Swift Components Tour – Breakpoint Management

In this lesson

Back in the Swift Components Tour app, let’s talk about how to manage your breakpoints in Xcode.

Kyle Roberts
Swift Guru at Large

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Hello world, Kyle here with Brax.tv. Today we’re going to talk about how to manage breakpoints. We can see here that in the TextFieldViewController, that I have four breakpoints on the four lines in viewDidLoad, so that when I do open this view controller we should hit each of these breakpoints. We can just continue over with this play/pause execution button down there. We’ve just continued past all four of those breakpoints. We didn’t really need to know anything that was going on there.


What if we wanted to get rid of them or temporarily disable of them while we work on something else? There’s multiple ways to do this. First, we will get rid of a breakpoint. Here on this line we’re just calling super.viewDidLoad, that’s not something that we’re going to want to pay attention to because we call this method every time we implement the viewDidLoad method. To remove this breakpoint, you click and hold, and just drag it off until there’s a little X button by the cursor, and you let go, and poof, the breakpoint is gone.


Let’s say that what we’re worrying about here is this self.startAnimatingLabel method. Why don’t we go ahead and remove these other two breakpoints here since we could just use this step over in or out of buttons to continue through the rest of this method’s implementation. Again, with those, I just clicked and dragged them off of this breakpoints/line numbers bar here. I don’t have line numbers turned on at the moment but this is where they show up. If we run the app, then we will only hit this one breakpoint here when we open this view controller in viewDidLoad. We can continue program execution down here again and continue with the app how we normally would use it.


How about during run time while the app is still running, what if we want to open this view controller but we don’t want to hit this breakpoint? We’ve already hit it, we know what’s going on. Maybe we want to see what’s happening in real time when the app is running without it pausing on us. But we still maybe want to come back later and remember to check over this breakpoint again. What you can do is deactivate it. How you deactivate a breakpoint is you just click on it. You can see that it turns slightly translucent so that you know that it’s still there, but as we’re using the app, and I will open this view controller again, we are not going to hit that breakpoint on viewDidLoad. But it’s still there. If I go over here, and I click on it again, we’ll reactivate it and then we can open this view controller and we will hit that breakpoint.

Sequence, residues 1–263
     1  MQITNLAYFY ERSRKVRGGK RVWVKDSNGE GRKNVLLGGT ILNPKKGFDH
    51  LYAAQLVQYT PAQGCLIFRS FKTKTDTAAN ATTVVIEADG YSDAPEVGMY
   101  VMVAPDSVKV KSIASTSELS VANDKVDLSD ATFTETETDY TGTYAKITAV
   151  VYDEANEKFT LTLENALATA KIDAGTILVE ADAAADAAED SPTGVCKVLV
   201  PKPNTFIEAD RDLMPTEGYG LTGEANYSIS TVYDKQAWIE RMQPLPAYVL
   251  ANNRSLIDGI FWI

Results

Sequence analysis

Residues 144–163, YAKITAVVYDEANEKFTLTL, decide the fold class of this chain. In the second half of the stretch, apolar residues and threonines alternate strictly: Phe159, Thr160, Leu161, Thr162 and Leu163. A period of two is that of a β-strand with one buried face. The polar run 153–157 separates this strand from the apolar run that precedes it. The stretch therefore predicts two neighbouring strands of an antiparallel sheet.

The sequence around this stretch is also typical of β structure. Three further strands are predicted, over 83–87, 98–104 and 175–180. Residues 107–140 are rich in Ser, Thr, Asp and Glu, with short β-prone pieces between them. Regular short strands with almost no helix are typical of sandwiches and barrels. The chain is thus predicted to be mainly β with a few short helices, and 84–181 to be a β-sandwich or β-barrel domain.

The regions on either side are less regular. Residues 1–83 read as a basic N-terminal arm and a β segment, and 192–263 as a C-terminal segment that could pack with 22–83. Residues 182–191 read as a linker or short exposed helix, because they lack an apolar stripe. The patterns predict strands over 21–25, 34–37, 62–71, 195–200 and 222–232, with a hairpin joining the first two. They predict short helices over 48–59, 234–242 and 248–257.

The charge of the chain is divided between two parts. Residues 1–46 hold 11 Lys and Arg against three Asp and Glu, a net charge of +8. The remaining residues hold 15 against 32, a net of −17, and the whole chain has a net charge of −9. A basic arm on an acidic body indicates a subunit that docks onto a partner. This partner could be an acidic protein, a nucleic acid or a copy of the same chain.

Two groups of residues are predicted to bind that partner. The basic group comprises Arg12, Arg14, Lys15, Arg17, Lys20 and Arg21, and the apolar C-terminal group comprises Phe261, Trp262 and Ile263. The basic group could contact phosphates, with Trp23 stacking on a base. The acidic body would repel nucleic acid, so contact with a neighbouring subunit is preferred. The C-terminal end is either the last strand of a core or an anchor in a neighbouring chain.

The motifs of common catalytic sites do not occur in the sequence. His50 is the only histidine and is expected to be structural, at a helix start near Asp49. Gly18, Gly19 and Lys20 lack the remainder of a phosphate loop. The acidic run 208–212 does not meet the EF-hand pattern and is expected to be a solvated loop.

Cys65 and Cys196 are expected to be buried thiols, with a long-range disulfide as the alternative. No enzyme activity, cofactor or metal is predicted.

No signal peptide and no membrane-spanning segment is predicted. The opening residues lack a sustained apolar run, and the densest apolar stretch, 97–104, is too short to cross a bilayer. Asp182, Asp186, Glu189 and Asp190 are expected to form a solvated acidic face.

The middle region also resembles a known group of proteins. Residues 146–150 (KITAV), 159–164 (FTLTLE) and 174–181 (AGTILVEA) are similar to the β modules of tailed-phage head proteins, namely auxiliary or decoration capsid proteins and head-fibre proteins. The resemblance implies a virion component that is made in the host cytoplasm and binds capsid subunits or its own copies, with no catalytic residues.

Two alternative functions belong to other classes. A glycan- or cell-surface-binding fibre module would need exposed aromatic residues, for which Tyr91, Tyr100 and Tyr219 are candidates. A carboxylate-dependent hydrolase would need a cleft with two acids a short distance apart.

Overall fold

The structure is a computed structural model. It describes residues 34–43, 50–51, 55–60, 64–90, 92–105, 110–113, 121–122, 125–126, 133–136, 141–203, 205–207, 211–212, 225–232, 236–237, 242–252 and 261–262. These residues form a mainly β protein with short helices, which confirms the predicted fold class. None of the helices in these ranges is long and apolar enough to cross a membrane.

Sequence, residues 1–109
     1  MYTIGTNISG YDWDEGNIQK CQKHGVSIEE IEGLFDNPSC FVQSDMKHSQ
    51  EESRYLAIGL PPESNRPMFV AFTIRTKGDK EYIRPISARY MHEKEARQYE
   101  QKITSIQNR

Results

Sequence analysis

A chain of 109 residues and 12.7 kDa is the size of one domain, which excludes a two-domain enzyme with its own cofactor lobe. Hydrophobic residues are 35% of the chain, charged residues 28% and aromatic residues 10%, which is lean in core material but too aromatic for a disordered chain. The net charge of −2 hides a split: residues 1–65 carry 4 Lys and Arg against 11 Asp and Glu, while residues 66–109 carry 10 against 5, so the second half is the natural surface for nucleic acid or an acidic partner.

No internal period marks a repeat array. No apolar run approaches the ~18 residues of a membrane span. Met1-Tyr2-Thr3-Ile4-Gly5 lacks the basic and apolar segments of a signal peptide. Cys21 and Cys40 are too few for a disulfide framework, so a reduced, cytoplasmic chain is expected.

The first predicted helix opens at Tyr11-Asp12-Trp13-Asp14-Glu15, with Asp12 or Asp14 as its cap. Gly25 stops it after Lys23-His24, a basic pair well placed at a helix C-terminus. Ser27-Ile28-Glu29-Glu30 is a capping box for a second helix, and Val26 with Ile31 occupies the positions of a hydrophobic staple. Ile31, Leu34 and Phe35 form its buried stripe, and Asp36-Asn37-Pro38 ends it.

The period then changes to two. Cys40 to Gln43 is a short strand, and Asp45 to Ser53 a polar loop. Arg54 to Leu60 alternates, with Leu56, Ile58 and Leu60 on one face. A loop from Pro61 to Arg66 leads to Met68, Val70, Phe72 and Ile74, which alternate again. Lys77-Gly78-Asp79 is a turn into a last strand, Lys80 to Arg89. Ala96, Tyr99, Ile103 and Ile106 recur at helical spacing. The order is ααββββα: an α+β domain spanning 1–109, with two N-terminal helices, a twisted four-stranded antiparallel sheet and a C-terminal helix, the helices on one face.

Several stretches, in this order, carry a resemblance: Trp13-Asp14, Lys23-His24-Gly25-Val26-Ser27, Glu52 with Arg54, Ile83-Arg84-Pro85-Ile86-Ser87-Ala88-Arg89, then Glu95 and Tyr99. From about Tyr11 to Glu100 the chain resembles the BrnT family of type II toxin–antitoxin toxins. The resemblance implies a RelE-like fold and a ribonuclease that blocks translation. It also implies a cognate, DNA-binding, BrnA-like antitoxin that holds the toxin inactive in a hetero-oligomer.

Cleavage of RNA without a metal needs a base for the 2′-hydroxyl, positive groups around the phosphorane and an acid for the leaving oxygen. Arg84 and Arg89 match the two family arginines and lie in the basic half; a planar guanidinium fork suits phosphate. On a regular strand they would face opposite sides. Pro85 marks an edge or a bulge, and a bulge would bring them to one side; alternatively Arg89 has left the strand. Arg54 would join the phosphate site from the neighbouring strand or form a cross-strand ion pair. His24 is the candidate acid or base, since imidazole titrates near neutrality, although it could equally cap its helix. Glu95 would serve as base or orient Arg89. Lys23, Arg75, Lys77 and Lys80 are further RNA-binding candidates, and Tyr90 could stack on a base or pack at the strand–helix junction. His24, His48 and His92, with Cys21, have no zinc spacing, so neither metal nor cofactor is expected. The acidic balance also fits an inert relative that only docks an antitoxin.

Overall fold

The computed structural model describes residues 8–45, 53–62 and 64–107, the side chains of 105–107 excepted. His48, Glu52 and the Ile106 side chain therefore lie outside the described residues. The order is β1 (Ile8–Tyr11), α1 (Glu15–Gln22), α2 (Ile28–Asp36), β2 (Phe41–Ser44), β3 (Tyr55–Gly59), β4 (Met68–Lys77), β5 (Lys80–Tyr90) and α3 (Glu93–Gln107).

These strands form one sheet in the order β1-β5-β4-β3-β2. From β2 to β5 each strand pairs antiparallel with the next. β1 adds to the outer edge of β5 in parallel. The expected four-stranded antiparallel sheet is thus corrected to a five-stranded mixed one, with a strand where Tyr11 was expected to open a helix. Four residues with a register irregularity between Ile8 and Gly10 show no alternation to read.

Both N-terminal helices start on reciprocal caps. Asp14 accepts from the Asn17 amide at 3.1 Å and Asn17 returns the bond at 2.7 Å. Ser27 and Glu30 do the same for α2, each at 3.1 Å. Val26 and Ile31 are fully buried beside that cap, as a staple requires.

For this next example, I’m going to add those other three breakpoints back in and we’ll just continue the program execution past that. There’s something called a breakpoints navigator up here in the top left of the screen. This shows you a list of all active or inactive breakpoints in your code in the project. We can see here that in the TextFieldViewController, I have four breakpoints in the method viewDidLoad. There’s all active with their respective line numbers next to that. What happens if we add another breakpoint down here, in textFieldShouldChangeCharactersInRange. Let’s just do that. We can see that this method definition here is different and actually pointing to the method the breakpoint is in and the line number matches as well. If we deactivate that, it will show us in this navigator as well that that breakpoint is deactivated.


Some more management that you can do in this breakpoint navigator up here, is you can actually click these breakpoint symbols up here to activate and deactivate them. We can just deactivate them all. If we wanted to remove them, you can actually remove them by pressing delete or backspace, Mac’s have a delete key. Here we can just delete over all of the breakpoints that we have in the app.


If we put one back and I’m just going to show you another example in the TextViewViewController. We’ll just plop a breakpoint anywhere in this view controller. Actually, let’s not use the viewDidLoad method, let’s put it in keyboardWillHide. We can see here that we have one active breakpoint in viewDidLoad on line 22 of TextFieldViewController. In the TextViewViewController, we have an active breakpoint on line 34 of keyboardWillHide. Pretty cool. Thanks for watching.

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